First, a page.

Overture Overview: #8 on Modifying Songbook

Following is my synopsis of the content of Classis Western Canada’s overture entitled “Modify Songbook” in the provisional agenda for Synod 2012.

Summary: “Classis Western Canada overtures Synod 2012 to direct the Songbook Committee to significantly modify and restrict its approach to the implementation of a new songbook and consider ways by which there may be the least amount of unrest and concern preceding and subsequent to the implementation of a new songbook.”

Key ideas: Classis Western Canada divides their concerns into six primary matters, which I’ve compacted below.

  1. Gender neutralization, which occurs in some instances in the Hymn Proposal, “violates the Word of God,” “alters the intent and meaning of the originating author” in hymns, and “is a capitulation to worldly standards and policies.”  Such modifications are “beyond the mandate given by any synod since the committee was first appointed in 1997.”
  2. The Songbook Committee’s argumentation for discontinuing the use of the name Jehovah (see the answer to Question 10 on the Committee’s FAQ page) “is unconvincing.”  The overture notes that none of the common English names for the Deity (including “Lord,” “God,” and “Father”) are found in the original Biblical languages.
  3. “Many word changes in the proposed book appear to be unnecessary or trivial,” without substantial support or Biblical grounds from the Songbook Committee.
  4. The extensive changes to familiar hymns in the Hymn Proposal will disrupt the ability of many older members to sing from memory, “and congregational singing will suffer greatly” from such modifications.
  5. The fact that some Hymn Proposal selections remain unaltered seems to demonstrate “an arbitrariness or inconsistency in the process of changing select songs, possibly on the basis of preference rather than on principle.”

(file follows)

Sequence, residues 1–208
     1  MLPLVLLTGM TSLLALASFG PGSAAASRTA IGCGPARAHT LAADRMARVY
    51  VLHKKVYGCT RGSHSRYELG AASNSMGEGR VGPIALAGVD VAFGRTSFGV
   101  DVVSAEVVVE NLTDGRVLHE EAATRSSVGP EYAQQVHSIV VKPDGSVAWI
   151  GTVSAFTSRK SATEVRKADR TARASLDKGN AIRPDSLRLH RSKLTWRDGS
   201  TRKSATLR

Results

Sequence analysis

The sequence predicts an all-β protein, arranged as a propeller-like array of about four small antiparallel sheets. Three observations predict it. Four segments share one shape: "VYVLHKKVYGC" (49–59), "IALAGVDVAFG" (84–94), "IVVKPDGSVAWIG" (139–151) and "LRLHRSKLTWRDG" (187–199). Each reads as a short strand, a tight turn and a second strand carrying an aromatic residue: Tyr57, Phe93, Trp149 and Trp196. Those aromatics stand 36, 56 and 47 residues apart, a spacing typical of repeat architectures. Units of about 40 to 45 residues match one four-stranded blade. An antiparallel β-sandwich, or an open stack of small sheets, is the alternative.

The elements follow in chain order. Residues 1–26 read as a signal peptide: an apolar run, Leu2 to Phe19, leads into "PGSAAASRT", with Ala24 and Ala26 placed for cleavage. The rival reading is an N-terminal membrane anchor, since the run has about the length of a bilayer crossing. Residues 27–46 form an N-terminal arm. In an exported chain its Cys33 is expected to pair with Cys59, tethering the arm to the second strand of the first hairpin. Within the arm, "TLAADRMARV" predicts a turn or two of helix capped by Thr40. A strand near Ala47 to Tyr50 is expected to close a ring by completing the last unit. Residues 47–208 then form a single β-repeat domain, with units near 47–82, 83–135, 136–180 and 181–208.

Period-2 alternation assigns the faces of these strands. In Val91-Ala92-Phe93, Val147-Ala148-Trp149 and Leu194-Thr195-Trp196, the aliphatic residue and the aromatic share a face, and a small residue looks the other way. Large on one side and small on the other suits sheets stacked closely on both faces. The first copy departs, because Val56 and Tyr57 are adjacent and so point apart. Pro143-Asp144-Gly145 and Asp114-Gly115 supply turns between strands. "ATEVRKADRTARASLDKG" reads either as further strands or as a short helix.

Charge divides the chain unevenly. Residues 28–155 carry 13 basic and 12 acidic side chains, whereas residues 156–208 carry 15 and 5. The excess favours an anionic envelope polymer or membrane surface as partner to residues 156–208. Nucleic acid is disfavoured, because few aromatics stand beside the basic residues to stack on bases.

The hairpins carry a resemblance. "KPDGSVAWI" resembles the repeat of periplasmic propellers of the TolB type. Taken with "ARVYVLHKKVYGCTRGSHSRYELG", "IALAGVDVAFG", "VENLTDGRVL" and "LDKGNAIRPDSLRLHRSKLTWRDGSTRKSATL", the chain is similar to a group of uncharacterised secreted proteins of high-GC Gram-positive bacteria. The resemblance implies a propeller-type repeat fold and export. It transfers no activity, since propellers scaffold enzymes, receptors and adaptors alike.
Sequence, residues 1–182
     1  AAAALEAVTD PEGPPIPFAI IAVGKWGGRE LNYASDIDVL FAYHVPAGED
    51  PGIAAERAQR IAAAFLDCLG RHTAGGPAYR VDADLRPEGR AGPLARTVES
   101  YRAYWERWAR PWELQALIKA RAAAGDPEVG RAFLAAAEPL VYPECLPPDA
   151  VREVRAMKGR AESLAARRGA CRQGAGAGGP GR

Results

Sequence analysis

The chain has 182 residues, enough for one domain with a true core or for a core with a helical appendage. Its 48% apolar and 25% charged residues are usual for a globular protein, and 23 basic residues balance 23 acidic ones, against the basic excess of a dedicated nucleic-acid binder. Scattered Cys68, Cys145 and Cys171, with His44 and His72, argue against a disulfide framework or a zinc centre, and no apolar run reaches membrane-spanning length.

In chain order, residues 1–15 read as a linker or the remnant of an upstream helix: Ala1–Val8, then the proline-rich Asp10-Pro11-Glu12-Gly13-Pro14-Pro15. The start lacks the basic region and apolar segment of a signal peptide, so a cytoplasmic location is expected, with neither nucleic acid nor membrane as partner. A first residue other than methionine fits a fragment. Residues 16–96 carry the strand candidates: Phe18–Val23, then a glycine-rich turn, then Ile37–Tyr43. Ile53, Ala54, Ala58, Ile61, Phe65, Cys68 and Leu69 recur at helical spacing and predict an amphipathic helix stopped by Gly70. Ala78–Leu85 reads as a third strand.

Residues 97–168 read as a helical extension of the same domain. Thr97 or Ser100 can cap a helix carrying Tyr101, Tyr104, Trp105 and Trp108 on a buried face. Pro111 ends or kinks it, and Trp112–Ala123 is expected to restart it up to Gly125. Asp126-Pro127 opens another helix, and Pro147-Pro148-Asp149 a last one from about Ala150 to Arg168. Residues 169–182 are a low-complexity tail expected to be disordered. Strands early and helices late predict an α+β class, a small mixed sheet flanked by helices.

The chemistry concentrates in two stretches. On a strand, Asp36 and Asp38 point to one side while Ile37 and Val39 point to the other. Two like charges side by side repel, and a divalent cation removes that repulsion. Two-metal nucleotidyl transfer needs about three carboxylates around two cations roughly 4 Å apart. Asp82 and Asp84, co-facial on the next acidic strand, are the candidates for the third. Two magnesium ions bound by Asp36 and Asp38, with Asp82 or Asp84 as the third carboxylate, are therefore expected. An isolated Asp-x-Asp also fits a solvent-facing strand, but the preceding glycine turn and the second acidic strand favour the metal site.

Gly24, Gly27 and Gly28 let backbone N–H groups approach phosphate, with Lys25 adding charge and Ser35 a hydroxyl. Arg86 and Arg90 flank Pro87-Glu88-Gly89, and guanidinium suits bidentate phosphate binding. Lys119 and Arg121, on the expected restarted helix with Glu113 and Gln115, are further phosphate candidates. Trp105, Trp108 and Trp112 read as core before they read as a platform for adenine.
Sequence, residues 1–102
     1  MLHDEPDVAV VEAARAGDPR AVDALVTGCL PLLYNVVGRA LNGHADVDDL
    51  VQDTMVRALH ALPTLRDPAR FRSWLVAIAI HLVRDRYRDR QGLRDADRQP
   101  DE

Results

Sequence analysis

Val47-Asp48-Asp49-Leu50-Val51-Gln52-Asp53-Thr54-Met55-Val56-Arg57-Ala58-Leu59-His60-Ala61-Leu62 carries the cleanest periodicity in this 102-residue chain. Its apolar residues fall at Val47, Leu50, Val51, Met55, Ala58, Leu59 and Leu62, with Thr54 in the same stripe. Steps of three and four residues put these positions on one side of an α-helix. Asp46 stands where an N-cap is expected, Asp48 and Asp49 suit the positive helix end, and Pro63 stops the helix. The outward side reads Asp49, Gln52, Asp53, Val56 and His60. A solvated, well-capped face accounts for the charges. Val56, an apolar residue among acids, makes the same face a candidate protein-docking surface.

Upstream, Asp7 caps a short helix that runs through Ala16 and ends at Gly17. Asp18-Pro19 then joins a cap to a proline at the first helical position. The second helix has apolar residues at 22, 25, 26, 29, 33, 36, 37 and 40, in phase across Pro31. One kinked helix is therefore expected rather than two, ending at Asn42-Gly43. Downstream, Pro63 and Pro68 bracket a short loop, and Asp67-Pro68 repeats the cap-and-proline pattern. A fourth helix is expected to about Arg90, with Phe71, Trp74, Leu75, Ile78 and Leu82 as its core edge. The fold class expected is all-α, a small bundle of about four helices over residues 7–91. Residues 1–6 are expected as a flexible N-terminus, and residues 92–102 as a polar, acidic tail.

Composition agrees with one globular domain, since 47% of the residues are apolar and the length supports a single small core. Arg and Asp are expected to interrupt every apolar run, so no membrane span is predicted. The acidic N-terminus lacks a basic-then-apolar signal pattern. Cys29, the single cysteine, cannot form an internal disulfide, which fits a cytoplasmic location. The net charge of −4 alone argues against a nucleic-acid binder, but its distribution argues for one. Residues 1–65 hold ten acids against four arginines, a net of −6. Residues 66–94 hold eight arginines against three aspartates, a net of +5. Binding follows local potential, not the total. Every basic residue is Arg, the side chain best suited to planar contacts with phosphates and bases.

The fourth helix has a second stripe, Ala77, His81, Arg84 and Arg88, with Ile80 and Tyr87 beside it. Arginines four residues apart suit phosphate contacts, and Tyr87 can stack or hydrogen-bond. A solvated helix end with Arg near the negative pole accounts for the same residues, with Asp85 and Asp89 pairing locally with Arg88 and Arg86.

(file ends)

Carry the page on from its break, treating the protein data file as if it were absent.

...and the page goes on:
6. “Some proposed songs have little or no track record, tradition, or established durability in Reformed churches, or the wider church community,” making them unreliable selections for a new Psalter Hymnal.  The overture argues that the use of these newer songs violates the ninth Guideline for Selecting Church Music as approved by synod: “The music of the church should be expressive of the Reformed tradition.  Use is to be made of the music developed in the tradition of this rich heritage.”

Examples: After each main point, Classis Western Canada provides an extensive list of applicable songs in the Hymn Proposal.  They identify 20 gender-neutralized selections, 4 removals of the word “Jehovah,” 21 hymns with “unnecessary or trivial” modifications (noting that this is a “partial list”), 36 instances of drastic changes (again, only a partial list), 11 unchanged hymns, and 11 songs with “a life span of less than 15 years.”

Grounds: Although the grounds in Overture #8 are not directly based on the synodically-approved Principles and Guidelines, the classis provides six primary reasons for their overture, as outlined below:

  1. “The transition to a new songbook is too great and abrupt, and may cause great turmoil in the church.”
  2. The classis requests that the URCNA seek “a smooth and painless transition” to the new Psalter Hymnal, as was implemented during the CRC’s shift from the red Psalter Hymnal to the blue in the 1950s.
  3. The Hymn Proposal “opens up old wounds” for URCNA members who left their former congregations as a result of the introduction of a new hymnbook.
  4. “The present proposal contains far too many changes, adjustments and new material for it to function well in the foreseeable future.”
  5. “The tide of significant objection” to the Hymn Proposal within the URCNA “gives cause for review and reflection.”
  6. “There exists a misunderstanding as to the will of the originating classis whose overture was adopted by Synod 1997.”

1976 Psalter Hymnal

My thoughts: The basis of this overture rests exclusively in the blue Psalter Hymnal, whereas Overtures #4-6 often depart from it entirely.  Can synod form an acceptable compromise that will satisfy the requests presented in all of these overtures, ensuring that the United Reformed Churches in North America will create a Psalter Hymnal which utilizes the best of the blue book without carrying over its flaws?  (On the imperfections of the blue Psalter Hymnal, see my thoughts on the “About This Blog” page.)

Let’s earnestly pray for God’s direction as Synod 2012 endeavors to attain this goal.

See pp. 87-89 of the Provisional Agenda for the entirety of this overture.


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